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This story is all true – essentially, at least. It happened many years ago, and so I cannot be sure of every detail – but I am sure of the miracle. It happened, beyond any doubt. I saw it with my own eyes.

It was a typical summer day – humid and warm, as things often are in northeast Ohio in the summertime. We had just stopped for a couple of hours – we being myself, my wife Donna, and my two kids, Olivia and Jon – on our car trip home from visiting family in Buffalo NY. It was my idea to stop at the racetrack. Donna and I are big horse-racing fans and we had never been to Thistledown Racetrack, a kind of minor-league track where famous horses are rarely seen. That didn’t matter to Donna and I. We liked the game, picking horses to bet on and watching to see if what we predicted (hoped) would happen in fact did happen.

The kids were just as glad to be out of the car for a while. Olivia was probably 14 and Jon must have been around 12. They enjoyed traveling with us, but often wanted to know if we were “there” yet – so it was good to find a “there” to be at – for their sake.

Anyway – since we planned on being there awhile, I got a table for us all inside the clubhouse and the kids got something to eat and drink while Donna and I poured over the Daily Racing Form for clues about who might be the best horse in the race that was about to run.

Over the course of the afternoon, we bet on a bunch of races and had our usual up and down luck. We never do bet a lot of money on any one race – but a day’s worth of varied luck usually leaves us short at least a few dollars. It was the end of the day, we were down 20 bucks or so as I recall – and there was just one more race to be run before we took off down the road toward Indianapolis and home.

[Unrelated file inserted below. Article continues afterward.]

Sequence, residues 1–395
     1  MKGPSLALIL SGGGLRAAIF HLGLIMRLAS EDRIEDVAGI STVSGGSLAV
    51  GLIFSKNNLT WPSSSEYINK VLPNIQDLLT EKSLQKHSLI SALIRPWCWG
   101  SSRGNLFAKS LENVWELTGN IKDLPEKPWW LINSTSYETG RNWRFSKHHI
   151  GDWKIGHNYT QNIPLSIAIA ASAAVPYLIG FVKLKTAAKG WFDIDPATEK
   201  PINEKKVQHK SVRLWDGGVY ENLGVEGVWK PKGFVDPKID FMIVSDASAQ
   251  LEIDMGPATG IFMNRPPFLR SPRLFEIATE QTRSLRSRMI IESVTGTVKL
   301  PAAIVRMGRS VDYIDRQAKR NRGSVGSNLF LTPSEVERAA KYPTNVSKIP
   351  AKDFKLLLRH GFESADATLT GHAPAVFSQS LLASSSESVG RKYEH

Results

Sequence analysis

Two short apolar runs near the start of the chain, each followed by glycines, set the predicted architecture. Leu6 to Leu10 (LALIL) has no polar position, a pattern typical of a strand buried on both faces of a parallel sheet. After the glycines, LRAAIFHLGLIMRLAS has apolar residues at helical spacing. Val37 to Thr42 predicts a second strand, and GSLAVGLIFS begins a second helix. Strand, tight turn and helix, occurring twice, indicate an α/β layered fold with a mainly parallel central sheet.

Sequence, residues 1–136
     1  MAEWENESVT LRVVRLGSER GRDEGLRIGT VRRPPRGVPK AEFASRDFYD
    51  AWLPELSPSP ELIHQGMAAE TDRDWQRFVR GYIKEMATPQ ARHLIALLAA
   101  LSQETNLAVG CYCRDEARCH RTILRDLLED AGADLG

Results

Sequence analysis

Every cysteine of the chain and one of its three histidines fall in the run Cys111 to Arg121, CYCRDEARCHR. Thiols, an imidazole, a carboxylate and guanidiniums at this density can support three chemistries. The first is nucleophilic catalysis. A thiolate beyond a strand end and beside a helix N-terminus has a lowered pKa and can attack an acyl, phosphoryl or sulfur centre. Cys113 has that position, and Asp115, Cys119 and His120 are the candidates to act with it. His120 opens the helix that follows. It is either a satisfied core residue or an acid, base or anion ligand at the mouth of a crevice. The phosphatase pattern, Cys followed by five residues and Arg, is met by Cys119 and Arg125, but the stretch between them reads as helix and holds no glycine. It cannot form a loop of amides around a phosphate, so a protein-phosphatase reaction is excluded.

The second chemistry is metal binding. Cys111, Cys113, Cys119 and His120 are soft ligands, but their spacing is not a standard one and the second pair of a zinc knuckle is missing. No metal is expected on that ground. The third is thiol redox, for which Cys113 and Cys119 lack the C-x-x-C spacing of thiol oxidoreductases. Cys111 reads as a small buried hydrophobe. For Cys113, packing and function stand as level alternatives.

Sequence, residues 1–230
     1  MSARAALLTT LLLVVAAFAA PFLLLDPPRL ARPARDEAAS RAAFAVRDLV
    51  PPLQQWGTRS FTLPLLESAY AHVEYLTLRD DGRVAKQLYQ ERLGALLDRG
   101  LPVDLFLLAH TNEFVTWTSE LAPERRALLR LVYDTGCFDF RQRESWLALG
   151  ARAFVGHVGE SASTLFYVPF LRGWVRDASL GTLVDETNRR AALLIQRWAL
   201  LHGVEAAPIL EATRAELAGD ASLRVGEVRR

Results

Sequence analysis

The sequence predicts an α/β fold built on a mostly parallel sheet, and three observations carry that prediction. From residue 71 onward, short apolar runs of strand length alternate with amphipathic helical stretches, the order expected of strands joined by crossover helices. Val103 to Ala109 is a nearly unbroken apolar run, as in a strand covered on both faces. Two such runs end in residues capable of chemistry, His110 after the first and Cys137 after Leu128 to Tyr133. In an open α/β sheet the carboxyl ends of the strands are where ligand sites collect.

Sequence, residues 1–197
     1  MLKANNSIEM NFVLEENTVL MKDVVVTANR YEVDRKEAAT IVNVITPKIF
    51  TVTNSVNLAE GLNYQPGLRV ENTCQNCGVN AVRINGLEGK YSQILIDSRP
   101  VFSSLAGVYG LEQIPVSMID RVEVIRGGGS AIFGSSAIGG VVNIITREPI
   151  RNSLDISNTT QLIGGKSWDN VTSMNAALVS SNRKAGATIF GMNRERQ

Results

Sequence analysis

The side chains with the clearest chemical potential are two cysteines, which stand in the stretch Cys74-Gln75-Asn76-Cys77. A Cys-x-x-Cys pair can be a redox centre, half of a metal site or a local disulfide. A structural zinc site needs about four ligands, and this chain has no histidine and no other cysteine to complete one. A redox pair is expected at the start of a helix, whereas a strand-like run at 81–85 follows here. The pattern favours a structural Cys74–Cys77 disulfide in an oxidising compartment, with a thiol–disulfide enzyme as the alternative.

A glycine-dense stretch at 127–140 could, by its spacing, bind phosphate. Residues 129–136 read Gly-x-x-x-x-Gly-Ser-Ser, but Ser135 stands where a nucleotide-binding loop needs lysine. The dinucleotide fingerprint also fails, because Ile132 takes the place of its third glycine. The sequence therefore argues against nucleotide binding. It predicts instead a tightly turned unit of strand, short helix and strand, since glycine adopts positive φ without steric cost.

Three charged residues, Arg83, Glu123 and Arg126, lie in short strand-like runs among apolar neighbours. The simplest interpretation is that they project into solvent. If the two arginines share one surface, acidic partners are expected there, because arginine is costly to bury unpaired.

I handicapped the last race, looking over the horse’s past performance figures, and decided to play a trifecta bet, which involves picking the first place, second place and third place horses in the race in the correct order. It’s a difficult bet to win, but it usually pays well if you hit it. I no longer remember if I picked just 3 horses or if I may have arranged 4 horses in one of those bets where 2 horses are picked to be first or second, and two horses are picked to fill in the third place slot. But I made the wager, put the ticket from the bet in my shirt pocket where I always kept my tickets and asked the kids if they wanted to watch the race outside, since it was the final race and we had been stuck inside all day.

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The first thing I noticed after stepping outside was the brisk breeze – it had made the hot, sunny day a lot more manageable, and it made a couple hundred losing tickets flutter and float across the asphalt apron between the grandstand and the racing oval. The sun was bright and I took my sunglasses out of my shirt pocket and put them on. We walked to the rail, right up to the edge of the track where we could get a good look at the horses as they went by in the post parade. Seeing these beautiful creatures go trotting by, carrying their miniature riders, festooned in the colorful silks of their owners, is an awesome thing. They are majestic animals and somehow you can see the tightly wound springs of their potential speed as they go by. Soon the outriders brought them around to the starting gate and they were inserted into their places for the start of the race.